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As the year winds down, it’s time to look ahead and plan for the new one. With this in mind, I’ll be posting 5 articles this week for the ‘Plan your Blog’ series. Today is Day 1 and I am talking about a bullet journal for bloggers and why it’s important.
Being organised is the key to being productive. I found that once I started implementing the strategies I outline in this post, my blogging became more streamlined and so did my social media.
Do you need a bullet journal?
I’m a big planner junkie and that is true of stationery too. That said, let me be clear. Yes, you need a bullet journal. No, you don’t need a high-end fancy version to make this work.
A lot of bullet journals online will have beautiful doodles and drawings and are absolutely spectacular to view. For me, though, the functionality of the journal is more important than anything else.
For that same reason, I tell people starting off that they just need a simple notebook, preferably un-ruled, to use as their journal.
So, yes, if you’re a blogger, I highly recommend that you invest in a simple notebook and call it your bullet journal.
Why do you need a bullet journal for bloggers?
Until late this year, I had a single bullet journal for my work, home, blog and personal tasks. But the minute I set up a dedicated bullet journal for my blog, it made things so much easier and everything related to the blog is in one place. I am not scrambling through my notes, trying to find it.
Today, I’m sharing tips on how you can set up your bullet journal for your own blog, while keeping the vision for your blog in mind.
Setting up your Bullet Journal
Your Bullet journal is the key to creating an overall content strategy, marketing strategy and monetization strategy for your blog.
Open your brand-new journal. On the first page, title it ‘Index’ and list the following:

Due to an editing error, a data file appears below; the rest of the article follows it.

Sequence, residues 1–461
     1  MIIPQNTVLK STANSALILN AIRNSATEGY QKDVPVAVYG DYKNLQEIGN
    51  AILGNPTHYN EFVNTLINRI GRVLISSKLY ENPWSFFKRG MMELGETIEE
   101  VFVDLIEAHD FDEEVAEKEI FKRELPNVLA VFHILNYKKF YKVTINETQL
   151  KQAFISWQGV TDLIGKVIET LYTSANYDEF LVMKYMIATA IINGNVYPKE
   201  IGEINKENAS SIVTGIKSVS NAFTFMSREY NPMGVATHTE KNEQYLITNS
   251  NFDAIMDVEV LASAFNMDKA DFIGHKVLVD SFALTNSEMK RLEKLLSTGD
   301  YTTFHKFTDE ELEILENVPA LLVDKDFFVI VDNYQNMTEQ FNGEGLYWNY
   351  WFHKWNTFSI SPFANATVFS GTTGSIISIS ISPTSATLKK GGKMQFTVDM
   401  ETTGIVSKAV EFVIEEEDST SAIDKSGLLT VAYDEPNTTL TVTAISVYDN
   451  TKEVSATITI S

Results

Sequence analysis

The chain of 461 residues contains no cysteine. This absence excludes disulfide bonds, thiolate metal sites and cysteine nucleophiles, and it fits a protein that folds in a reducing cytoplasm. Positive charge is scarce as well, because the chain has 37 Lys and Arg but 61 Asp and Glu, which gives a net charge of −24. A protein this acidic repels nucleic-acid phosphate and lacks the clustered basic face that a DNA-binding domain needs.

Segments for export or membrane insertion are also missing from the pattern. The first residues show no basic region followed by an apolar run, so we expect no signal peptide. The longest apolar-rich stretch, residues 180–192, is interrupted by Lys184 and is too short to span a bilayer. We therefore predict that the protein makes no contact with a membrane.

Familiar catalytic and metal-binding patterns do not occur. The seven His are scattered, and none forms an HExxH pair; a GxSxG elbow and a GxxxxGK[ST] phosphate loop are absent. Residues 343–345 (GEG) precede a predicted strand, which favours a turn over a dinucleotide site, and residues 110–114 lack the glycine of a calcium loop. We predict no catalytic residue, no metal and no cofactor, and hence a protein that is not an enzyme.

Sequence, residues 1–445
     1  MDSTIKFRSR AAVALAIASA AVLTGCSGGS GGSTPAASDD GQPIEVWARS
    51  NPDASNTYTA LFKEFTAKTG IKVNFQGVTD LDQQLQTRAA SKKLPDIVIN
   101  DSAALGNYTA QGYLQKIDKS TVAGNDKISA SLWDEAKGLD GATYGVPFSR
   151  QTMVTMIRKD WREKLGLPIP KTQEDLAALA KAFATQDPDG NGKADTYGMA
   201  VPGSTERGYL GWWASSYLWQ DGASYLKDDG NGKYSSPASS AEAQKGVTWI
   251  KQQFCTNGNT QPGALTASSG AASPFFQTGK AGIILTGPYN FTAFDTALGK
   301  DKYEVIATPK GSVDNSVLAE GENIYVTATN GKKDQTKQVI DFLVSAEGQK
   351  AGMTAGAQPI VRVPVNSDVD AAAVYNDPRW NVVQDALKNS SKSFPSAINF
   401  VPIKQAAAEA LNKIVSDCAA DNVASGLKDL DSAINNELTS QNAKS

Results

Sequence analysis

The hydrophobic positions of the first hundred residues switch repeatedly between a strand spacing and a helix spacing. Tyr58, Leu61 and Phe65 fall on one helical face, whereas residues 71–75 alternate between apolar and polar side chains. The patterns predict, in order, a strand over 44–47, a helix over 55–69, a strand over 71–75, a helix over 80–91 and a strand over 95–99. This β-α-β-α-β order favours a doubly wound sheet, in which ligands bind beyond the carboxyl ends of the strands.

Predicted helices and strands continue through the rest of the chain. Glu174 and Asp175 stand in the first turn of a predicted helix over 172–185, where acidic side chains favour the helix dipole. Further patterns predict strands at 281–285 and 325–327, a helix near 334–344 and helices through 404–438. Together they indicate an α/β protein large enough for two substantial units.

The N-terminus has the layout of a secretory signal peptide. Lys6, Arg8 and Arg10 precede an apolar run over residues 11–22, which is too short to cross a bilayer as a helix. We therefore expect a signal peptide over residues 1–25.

- Monthly Goals
- Weekly Goals
- Daily Goals
- Budget for the Blog
Add the page numbers against each item. At the end of the month, create a fresh index page and repeat the steps below.
Monthly Page Spread
Now that the bullet journal is ready to go, let’s begin with the first monthly spread. This is where you will be creating the vision for the month ahead.
- Open the first two-page spread
- Use the left page to broadly describe what you will focus on
- Use the right page to note down specific focus items.
- Once complete, tick off or cross off the completed tasks
Here are the key questions to ask yourself when creating your vision:
- What am I going to blog about?
- How can I make this interesting?
- How much content can I manage to create?
- What niche/topics do I want to focus on this month?
Answering these questions will give you a clear idea on how to plan your month for the blog.
For example, my vision for the month of January is growth. I’d like to grow my blog, my subscribers and my client base. So what would I need to do to make it happen?
Accordingly, I will work on the following:
- An Editorial Calendar
- Stats Tracker for my Blog and Social Media channels
- Social Media Calendar (For Twitter/Instagram/Facebook/Pinterest)
- Courses to Study (Based on my theme of the month: Growth)